Progress As Major Shipping Company Moves Route South Of Sri Lanka To Help Protect Endangered Blue Whales

The world’s largest shipping and logistics conglomerate, MSC Group, is adjusting its shipping route south of Sri Lanka to reduce its collision risk with endangered blue whales. This comes after environmental NGOs OceanCare and IFAW (International Fund for Animal Welfare) approached MSC Group to help protect this endangered species. The decision means that container ships will now avoid an area where the majority of the northern Indian Ocean blue whale population are known to congregate.

The waters off the southern tip of Sri Lanka present a challenge to mariners because of the high-risk of collisions with blue whales, whale watching boats, and small fishing vessels. Unusally for the species, Sri Lankan blue whales are found in these waters year round, and the current international shipping lanes off Dondra Head take ships right through the area with the most whales and whale watching activity.

“By making these small changes, MSC is making a significant difference for these endangered whales. Whales often die as a result of collisions and this population is at-risk. Ship strikes are both a conservation and a welfare problem, and even one whale being hit is one too many,” said Sharon Livermore, Director of Marine Conservation at IFAW.

“Rerouting is the key hope to turn the tide for blue whales off Sri Lanka. It also demonstrates to the Sri Lankan government that now is the time to take appropriate action and move the shipping lane out of blue whale habitat for all merchant vessels” said Nicolas Entrup, Director of International Relations at OceanCare.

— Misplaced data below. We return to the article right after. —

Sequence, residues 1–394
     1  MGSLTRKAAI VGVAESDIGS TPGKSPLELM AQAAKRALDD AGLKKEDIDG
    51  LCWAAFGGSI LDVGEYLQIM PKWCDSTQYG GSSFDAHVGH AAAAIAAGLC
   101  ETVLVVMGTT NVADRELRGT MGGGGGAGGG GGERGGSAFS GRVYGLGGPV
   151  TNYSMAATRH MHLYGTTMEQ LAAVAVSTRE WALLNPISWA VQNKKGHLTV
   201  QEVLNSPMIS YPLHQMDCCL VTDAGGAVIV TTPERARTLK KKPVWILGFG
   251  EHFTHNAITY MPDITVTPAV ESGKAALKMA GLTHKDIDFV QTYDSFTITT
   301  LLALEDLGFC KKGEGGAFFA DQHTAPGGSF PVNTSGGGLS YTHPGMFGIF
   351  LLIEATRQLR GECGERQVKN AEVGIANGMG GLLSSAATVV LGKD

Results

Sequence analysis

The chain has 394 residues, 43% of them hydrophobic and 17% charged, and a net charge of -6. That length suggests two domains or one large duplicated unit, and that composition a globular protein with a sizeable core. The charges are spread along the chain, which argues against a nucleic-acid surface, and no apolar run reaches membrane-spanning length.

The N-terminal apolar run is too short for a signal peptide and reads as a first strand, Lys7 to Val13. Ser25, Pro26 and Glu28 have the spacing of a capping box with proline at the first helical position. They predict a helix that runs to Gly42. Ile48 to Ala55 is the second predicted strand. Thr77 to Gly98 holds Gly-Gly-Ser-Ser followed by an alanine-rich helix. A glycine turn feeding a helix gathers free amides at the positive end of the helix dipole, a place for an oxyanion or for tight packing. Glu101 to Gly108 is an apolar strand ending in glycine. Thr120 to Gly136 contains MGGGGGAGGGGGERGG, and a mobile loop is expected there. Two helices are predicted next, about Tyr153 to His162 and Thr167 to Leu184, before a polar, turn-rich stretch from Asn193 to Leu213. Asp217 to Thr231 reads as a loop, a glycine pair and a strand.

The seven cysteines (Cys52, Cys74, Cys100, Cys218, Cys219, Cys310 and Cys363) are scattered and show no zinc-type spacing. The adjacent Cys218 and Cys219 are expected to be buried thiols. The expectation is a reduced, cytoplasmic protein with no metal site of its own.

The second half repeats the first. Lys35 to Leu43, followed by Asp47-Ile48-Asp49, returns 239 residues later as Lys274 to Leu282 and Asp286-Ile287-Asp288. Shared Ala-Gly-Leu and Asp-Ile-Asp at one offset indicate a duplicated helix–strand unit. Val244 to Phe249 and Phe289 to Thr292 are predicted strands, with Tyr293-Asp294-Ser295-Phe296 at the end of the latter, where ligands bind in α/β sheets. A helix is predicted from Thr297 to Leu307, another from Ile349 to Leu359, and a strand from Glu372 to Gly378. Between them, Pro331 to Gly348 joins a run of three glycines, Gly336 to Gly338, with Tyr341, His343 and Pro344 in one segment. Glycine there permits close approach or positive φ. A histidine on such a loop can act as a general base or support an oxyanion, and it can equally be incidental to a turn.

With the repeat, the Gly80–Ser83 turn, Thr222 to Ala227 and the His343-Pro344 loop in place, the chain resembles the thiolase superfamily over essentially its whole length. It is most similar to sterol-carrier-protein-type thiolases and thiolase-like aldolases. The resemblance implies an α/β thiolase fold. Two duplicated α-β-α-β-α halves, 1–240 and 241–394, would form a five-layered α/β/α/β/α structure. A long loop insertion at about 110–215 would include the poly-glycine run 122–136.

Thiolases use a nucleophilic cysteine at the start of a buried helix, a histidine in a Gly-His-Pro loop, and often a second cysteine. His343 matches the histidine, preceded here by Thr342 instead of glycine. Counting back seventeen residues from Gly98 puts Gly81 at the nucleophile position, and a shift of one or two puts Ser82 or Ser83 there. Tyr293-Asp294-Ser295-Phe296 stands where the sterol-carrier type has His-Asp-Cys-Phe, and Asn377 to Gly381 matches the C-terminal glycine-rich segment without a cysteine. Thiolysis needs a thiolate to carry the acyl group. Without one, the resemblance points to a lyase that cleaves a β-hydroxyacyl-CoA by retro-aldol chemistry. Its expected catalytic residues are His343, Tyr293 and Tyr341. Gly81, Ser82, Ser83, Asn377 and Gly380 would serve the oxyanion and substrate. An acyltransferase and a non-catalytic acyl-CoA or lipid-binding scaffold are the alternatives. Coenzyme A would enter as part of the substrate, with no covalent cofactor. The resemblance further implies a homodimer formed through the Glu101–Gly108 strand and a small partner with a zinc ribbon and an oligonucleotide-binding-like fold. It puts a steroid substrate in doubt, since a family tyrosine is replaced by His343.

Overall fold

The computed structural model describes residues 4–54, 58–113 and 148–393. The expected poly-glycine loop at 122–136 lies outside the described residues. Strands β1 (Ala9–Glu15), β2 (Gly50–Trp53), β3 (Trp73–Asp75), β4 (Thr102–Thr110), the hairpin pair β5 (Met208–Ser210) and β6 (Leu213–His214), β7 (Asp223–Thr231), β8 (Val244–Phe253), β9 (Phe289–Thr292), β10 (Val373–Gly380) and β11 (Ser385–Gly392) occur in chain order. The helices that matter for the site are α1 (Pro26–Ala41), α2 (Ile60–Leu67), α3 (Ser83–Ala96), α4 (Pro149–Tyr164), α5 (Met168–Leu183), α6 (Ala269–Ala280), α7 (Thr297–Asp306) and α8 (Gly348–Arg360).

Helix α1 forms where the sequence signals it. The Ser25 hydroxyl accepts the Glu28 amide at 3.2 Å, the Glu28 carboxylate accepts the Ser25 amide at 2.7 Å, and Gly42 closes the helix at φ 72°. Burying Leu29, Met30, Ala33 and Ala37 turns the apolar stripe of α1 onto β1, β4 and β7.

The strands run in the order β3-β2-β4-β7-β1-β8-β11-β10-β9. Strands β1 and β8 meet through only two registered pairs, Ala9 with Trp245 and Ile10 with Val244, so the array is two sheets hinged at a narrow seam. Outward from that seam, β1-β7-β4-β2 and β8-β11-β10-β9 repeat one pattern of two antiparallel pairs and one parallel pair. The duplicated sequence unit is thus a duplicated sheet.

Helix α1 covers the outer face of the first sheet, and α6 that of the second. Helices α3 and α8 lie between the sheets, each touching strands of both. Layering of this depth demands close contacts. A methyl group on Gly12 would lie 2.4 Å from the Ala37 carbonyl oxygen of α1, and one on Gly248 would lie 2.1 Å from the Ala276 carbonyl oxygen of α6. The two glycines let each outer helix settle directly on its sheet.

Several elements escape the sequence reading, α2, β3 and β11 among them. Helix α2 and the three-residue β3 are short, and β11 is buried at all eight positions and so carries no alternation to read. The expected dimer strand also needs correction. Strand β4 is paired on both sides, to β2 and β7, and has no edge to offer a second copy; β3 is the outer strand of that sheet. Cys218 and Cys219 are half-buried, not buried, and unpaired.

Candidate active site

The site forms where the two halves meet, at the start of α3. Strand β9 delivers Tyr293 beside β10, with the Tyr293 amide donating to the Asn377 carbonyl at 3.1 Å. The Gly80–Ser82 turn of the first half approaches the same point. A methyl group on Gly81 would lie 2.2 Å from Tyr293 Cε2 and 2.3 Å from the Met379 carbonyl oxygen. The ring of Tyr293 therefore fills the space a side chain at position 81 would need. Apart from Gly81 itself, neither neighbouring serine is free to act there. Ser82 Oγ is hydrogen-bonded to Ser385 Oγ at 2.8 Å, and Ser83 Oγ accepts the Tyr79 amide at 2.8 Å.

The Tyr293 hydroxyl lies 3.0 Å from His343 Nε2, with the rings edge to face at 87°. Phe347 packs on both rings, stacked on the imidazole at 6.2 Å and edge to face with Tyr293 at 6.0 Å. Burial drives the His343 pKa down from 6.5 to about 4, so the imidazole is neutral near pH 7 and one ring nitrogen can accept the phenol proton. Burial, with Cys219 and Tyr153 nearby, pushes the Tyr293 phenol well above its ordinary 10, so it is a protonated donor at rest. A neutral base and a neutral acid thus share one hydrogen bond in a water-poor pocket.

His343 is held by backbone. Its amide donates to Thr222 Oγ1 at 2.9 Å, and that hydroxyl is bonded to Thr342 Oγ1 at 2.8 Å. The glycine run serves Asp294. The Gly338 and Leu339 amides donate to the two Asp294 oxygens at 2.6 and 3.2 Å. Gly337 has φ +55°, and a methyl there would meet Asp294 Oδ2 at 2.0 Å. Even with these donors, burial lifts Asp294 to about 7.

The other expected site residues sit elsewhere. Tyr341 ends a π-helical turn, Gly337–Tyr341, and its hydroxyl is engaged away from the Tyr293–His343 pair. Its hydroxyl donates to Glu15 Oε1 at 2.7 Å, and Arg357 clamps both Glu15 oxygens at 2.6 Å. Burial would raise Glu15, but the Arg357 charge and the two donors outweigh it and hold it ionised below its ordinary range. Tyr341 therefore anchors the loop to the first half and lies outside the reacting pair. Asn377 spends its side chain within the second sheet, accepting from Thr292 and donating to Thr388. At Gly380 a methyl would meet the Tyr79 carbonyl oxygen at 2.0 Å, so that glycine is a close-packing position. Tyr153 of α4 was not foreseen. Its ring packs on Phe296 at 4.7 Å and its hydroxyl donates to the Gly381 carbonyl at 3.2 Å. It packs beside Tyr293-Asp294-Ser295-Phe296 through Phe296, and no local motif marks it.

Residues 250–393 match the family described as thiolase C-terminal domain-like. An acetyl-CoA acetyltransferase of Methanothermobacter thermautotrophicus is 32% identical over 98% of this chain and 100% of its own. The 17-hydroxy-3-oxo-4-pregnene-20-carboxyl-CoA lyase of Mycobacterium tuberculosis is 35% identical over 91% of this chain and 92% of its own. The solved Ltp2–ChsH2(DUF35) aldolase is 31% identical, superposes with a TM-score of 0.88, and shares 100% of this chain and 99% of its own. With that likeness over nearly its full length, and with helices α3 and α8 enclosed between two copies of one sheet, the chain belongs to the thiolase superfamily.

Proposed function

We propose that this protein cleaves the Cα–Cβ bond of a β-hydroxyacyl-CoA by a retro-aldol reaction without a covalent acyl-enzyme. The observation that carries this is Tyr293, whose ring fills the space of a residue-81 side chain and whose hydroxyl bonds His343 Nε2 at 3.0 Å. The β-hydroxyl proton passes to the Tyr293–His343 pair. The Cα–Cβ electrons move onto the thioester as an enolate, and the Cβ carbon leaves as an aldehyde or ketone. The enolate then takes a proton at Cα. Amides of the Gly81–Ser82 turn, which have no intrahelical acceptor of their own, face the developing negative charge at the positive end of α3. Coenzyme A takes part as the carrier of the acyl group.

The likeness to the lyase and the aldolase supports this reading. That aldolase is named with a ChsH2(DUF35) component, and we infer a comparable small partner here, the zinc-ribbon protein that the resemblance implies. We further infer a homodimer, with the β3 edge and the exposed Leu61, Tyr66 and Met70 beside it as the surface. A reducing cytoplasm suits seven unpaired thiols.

Scientific surveys of blue whale distribution conducted off Sri Lanka in the current shipping lanes and further offshore found that if shipping were to transit 15nm south (offshore) of the current routes, the risk of ship strikes to blue whales would be reduced by 95%.

The World Shipping Council, other key shipping industry organizations, and the International Whaling Commission are all fully supportive of establishing a recognized shipping route further offshore, both to protect whales and to improve shipping safety. However, calls to the Government of Sri Lanka have been unheeded to date. By choosing to transit further offshore, MSC is proactively putting the rerouting option into practice, but the majority of shipping still transits through the whales’ core habitat.

In June, in response to outreach by IFAW and OceanCare, the German Shipowners Association (VDR) also called upon its members to reroute it’s ships. The next step is for the Sri Lankan government to bring forward a proposal to the International Maritime Organization to make the safer offshore route an official Traffic Separation Scheme.

Blue whales are the largest living animals on earth with an estimated life span of 80 to 90 years. Blue whales off Sri Lanka grow up to an estimated 25 metres in length and are vocally distinct from other blue whales. Blue whales are listed as ‘endangered’ on the IUCN Red List. The waters from southwest to eastern Sri Lanka have also been identified as an Important Marine Mammal Area (IMMA) by the IUCN SSC-WCPA Marine Mammal Protected Area Task Force.

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